Honduras is the second-largest nation in Central America, stretching across the isthmus from the Caribbean to the Pacific. Despite aggressive deforestation, Honduras still maintains more forested area than most other countries in the region. Several types of forest dominate the landscape, including cloud forest, pine forest, rain forest and mangroves. Plant and animal species abound in the diverse forest ecosystems of Honduras, including species that have disappeared from the rest of the region.
More than 200 species of mammal are found in the forests of Honduras. Bats (Chiroptera) account for nearly half the mammals in the country with 98 known species occupying every forest ecosystem. The iconic jaguar (Panthera onca) is one of the rarest species in all of Central America. Most frequently seen in mangrove areas, jaguars are an endangered species in Honduras. West Indian manatees (Trichechus manatus), once common along the Caribbean coast of Honduras, are now rarely seen except in remote mangrove areas. Honduras' national animal, the white-tailed deer (Odocoileus virginianus), is the largest deer species in the country. Most often seen in the lowlands and pine forests, the white-tailed deer is a protected species. A wide variety of monkeys are also found in Honduras, including the white-headed capuchin (Cebus capucinus), Mexican spider monkey (Ateles geoffroyi vellerosus) and golden-mantled howler monkey (Alouatta palliata palliata).
Honduras has an exceptionally rich diversity of bird species. There are 18 parrot species, including the orange-chinned parakeet (Brotogeris jugularis), great green macaw (Ara ambigua), Pacific parakeet (Aratinga strenua) and the scarlet macaw (Ara macao), which is Honduras' national bird. Found in high-altitude tropical forests, the black-capped swallow (Notiochelidon pileata) is a migratory bird common in Honduras. The chestnut-mandibled toucan (Ramphastos swainsonii) is a frequent sight in the coastal lowland forests of Honduras. Known for their brightly colored face and exaggerated bill, they are sometimes kept as pets despite being a protected species.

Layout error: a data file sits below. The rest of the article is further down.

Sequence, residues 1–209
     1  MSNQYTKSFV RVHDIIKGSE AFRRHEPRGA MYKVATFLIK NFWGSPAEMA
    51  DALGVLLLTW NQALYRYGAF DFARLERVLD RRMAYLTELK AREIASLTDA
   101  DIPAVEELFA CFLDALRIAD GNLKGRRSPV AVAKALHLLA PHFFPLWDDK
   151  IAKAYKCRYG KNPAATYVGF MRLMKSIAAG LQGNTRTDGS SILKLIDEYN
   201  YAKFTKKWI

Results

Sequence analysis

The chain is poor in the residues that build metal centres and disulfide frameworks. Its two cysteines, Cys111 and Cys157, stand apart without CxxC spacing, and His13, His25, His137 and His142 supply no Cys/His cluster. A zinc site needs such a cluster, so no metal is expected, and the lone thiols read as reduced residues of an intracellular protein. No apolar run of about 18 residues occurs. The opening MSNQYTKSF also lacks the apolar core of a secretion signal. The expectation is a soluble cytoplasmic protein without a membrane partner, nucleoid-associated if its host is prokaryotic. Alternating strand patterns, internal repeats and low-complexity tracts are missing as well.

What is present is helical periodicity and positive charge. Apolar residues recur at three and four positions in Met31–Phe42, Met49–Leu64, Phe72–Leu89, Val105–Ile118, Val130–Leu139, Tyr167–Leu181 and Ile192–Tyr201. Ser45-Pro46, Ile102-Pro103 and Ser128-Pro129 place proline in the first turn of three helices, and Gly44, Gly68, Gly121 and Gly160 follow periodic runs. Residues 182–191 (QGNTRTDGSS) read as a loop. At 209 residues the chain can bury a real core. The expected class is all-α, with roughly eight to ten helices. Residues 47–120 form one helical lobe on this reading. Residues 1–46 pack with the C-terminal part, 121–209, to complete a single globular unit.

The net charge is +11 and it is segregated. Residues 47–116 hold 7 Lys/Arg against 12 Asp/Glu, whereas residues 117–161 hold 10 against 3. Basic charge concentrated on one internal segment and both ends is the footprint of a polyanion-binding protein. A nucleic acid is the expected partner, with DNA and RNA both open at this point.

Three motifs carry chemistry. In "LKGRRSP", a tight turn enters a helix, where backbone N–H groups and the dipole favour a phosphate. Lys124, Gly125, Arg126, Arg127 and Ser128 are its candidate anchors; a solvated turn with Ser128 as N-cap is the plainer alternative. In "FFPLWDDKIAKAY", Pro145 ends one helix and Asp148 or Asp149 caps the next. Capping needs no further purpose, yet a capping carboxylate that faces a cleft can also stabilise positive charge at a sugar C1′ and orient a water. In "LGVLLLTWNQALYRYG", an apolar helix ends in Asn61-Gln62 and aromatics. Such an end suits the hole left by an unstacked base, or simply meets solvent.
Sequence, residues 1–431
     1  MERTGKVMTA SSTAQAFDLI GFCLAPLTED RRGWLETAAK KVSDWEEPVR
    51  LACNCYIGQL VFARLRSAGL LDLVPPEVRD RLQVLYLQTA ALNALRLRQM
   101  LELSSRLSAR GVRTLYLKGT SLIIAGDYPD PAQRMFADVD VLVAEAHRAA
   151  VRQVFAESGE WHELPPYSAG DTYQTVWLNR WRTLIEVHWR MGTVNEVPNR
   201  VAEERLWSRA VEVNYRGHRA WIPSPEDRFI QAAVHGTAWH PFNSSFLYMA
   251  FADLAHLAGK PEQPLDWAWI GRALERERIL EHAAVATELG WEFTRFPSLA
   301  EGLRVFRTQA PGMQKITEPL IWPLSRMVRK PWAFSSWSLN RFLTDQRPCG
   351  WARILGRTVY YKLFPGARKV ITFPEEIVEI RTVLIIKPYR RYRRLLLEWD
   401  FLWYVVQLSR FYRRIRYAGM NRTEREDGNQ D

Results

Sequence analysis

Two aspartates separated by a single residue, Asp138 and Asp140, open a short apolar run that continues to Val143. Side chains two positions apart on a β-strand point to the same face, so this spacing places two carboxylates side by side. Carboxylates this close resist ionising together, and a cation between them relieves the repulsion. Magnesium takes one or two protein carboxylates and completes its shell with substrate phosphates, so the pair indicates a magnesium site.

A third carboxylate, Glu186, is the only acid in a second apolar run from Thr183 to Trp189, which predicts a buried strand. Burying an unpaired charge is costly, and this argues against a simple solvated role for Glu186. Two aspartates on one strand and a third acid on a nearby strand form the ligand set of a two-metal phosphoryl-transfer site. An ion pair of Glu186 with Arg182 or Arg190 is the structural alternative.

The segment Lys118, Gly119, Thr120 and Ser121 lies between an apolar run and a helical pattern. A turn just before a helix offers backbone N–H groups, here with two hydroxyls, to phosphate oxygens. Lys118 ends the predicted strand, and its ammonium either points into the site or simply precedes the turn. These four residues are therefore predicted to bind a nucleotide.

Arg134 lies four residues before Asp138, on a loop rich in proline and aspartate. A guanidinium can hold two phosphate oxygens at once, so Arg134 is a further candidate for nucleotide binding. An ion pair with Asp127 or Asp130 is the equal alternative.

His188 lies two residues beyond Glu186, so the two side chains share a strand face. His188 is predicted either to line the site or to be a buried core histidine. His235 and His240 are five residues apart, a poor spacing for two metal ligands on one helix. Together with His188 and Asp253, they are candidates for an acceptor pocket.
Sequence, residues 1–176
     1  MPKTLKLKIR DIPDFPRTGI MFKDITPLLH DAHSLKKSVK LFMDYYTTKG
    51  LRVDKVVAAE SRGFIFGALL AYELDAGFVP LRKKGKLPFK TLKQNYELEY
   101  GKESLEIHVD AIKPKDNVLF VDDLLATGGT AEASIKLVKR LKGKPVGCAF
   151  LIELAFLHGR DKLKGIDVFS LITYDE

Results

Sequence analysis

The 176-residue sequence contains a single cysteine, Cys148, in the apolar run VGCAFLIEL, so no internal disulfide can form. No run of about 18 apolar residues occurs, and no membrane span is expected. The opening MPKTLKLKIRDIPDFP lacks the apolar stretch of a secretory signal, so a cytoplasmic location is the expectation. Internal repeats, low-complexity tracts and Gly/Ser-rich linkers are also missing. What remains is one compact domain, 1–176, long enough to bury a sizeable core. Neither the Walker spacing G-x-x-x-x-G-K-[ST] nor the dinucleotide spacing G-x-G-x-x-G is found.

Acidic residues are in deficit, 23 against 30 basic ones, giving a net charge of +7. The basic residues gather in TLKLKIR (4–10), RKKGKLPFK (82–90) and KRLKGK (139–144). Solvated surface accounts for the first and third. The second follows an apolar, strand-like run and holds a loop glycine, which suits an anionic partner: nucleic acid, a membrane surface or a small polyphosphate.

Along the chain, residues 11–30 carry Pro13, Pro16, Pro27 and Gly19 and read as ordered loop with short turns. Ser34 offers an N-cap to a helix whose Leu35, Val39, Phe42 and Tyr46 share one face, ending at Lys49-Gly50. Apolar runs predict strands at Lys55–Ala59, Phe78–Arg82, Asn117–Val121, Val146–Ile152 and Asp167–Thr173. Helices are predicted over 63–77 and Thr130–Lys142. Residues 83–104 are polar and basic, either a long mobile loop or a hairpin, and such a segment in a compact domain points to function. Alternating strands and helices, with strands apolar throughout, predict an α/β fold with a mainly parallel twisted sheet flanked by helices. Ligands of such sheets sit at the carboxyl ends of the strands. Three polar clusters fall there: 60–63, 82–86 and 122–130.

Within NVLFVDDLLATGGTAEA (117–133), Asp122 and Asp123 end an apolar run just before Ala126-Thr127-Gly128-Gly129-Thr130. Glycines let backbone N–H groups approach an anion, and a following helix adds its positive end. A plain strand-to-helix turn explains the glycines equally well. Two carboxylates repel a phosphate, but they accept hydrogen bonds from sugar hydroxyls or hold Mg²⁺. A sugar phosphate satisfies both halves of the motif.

Each forest ecosystem has a keystone species, meaning that one species defines the forest type. In Honduras, black mangrove (Avicennia germinans) and red mangrove (Rhizopora mangle) trees indicate the boundaries of the mangrove ecosystem. Mahogany (Swietenia macrophylla) trees are sometimes intermingled with mangrove species on dry land, indicating the beginning of the coastal lowland pine forests. Honduras pine (Pinus caribaea var. hondurensis) and ocote pine (Pinus oocarpa) are the only two species of pine in the country, although they dominate huge tracts of lowland forest. One of the most impressive trees in Honduras is the ceiba (Ceiba pentandra). Sometimes called kapok, it is a massive tree that can reach 250 feet in height with a 10-foot diameter trunk.
Scientists estimate that there are more than 5,000 species of plants in Honduras. Flowering plants abound in most areas of the country, where they provide food for insect and bird species. One of the most prolific plant species in Honduras is sage (Salvia). Peach sage (Salvia dorisiana), Karwinski's sage (S. karwinskii) and blue vine sage (Salvia cacaliifolia) are all shrubby, perennial species that flourish in the cool, montane forests of central Honduras. Once a food source for indigenous people, yellow lotus (Nelumbo lutea) is one of the few flowering plants found in the mangrove forests. Known for its yellow cup-shaped flowers, it is often grown in water gardens as an ornamental plant.